She became the first black woman to receive a government art commission when she was asked to create a tableau depicting African American historical events for the 1907 Jamestown Tercentennial Exposition in Virginia. Exposition judges awarded Meta a gold medal and she felt she was beginning to blossom as an artist. It was about this time, though, that destiny pulled her not only far from Philadelphia but from her career as well. Meta met a Liberian doctor, Solomon Fuller, who had studied at Boston University School of Medicine and who was practicing as a neurologist at Massachusetts State Hospital. The two ultimately fell in love, but when Fuller proposed, Meta had to wrestle with conflicting goals and desires. She wanted her own life as an artist away from her family, but she also wanted to be a wife and mother. “My aunt was pulling me one way; my mother was pulling me another way and then I was helping her in the hairdressing parlor,” she recalled. “I was a disappointment to them because I wasn’t making money hand-over fist. I was eager to get out of that rut, away from that contest between my aunt and my mother.”

Fuller wanted a wife who would be a homemaker, not a breadwinner. Warrick acquiesced, convincing herself that “marriage was part of life.” They married on February 9, 1909, and moved into a house in Framingham, Massachusetts. She stored the works of art created during her Paris sojourn and her tools in a Philadelphia warehouse until she could arrange to ship them to Boston . She never found the time, however, because she became pregnant, giving birth to her first child in March 1910. Later that year, a fire swept through the ware­house where her works were stored. Although several pieces were saved, most were destroyed, and Fuller was emotionally traumatized by the loss. “I lost the efforts of sixteen years’ work,” she said. It was several years before she even attempted anything remotely resembling artistic work.

In 1913, Du Bois wrote to the sculptor, asking her to con­tribute work to New York’s celebration of the fiftieth anniversary of the emancipation Proclamation. He suggested that she enlarge the original sculpture Man Eating His Heart, which she had shown to Rodin, but unfortunately, it had been lost in the warehouse fire. Instead, Fuller offered to create a sculpture symbolizing Emancipation and she purchased new sculpting tools and set herself to the task. Emancipation Group demonstrated the influence of Rodin in that Fuller’s realistically sculpted figures displayed intense emotion and were moving rather than stationary. She once explained the sculpture to a friend. “I represented the race by a male and a female figure standing under a tree the branches of which are the fingers of Fate grasping at them to draw them back into the fateful clutches of hatred. [A third figure depicted] humanity weeping over her suddenly freed children who, beneath the gnarled fingers of Fate, step forth into the world unafraid.”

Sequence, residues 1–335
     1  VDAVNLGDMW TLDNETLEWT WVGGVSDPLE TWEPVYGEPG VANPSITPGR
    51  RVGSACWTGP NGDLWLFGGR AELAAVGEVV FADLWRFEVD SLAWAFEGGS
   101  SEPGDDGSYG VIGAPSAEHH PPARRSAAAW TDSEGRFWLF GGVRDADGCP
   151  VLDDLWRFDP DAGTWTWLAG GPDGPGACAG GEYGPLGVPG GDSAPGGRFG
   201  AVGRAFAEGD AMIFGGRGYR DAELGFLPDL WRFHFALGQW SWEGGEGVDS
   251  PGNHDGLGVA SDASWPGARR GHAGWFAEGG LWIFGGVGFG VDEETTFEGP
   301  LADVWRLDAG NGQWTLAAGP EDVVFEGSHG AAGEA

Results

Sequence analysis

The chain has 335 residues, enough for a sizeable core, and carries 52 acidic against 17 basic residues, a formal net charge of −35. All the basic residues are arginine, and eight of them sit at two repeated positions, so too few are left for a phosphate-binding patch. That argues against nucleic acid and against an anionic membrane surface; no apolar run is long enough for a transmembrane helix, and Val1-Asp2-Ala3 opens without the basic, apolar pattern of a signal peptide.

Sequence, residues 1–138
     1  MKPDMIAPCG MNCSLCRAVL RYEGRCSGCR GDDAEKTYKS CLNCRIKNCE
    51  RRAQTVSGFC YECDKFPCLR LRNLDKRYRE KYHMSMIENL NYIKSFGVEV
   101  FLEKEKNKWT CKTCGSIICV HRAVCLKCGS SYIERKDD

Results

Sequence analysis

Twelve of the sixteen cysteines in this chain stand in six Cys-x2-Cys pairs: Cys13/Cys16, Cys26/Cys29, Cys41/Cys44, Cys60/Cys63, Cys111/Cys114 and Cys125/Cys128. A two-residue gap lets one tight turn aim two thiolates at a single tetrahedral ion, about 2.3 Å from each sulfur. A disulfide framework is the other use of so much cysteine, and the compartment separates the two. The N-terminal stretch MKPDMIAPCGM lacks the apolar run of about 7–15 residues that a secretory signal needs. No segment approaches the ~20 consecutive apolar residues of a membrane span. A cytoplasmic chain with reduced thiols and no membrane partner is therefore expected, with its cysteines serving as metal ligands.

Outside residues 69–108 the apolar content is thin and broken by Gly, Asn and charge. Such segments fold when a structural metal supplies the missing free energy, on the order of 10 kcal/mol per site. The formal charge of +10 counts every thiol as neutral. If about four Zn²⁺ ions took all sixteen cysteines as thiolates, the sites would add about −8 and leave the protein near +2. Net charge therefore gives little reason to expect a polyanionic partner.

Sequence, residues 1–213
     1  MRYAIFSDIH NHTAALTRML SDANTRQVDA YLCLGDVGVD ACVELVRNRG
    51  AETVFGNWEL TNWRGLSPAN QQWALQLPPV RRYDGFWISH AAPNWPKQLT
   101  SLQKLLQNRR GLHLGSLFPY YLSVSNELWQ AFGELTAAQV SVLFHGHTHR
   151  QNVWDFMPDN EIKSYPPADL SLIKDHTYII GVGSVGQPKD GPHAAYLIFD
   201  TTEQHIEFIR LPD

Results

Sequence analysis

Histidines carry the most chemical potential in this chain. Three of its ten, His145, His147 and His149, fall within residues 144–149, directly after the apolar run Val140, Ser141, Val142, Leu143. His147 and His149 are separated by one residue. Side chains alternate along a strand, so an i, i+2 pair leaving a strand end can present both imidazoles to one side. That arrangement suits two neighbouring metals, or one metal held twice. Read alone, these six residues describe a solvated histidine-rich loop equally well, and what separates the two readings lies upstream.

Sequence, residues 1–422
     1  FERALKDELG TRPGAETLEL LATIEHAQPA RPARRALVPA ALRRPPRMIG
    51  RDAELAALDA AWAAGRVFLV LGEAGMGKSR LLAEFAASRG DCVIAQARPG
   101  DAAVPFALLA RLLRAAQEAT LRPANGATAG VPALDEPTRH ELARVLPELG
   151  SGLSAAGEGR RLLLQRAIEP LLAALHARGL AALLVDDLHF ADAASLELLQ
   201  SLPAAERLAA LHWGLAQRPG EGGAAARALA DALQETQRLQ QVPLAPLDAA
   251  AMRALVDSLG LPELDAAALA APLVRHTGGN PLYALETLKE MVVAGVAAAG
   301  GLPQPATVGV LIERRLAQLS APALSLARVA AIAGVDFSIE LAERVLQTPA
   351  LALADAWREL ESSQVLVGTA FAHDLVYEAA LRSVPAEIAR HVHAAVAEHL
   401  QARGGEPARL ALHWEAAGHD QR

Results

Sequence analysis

Emancipation Group marked Fuller’s re-entry into the art world. In 1914 in Boston, she held her first public exhibition in more than five years, showing new works. One of these, a bust entitled John the Baptist, may have been inspired by Auguste Rodin’s sculpture by the same title. Both works capture the prophet’s fervor.

Concerned about the emancipation of women, she joined the Massachusetts branch of the Equal Suffrage League which, in its crusade for a constitutional amendment, was involved in fund-raising. Fuller was asked to design an “Equal Suffrage Medallion” to raise money. The medallion depicted a man, woman, and child in profile above the motto “Each unto each the rounded compliment.” She then entered a competition sponsored by the Massachusetts Branch of the Women’s Peace Party (although it is not known if she was a member of the organization). The Women’s Peace Party invited individuals to enter works which their creators felt best represented the “constructive peace movement.” Meta Vaux Warrick Fuller won second prize in the 1915 contest for Peace Halting the Ruthlessness of War, which critics had applauded as one of her best sculptures.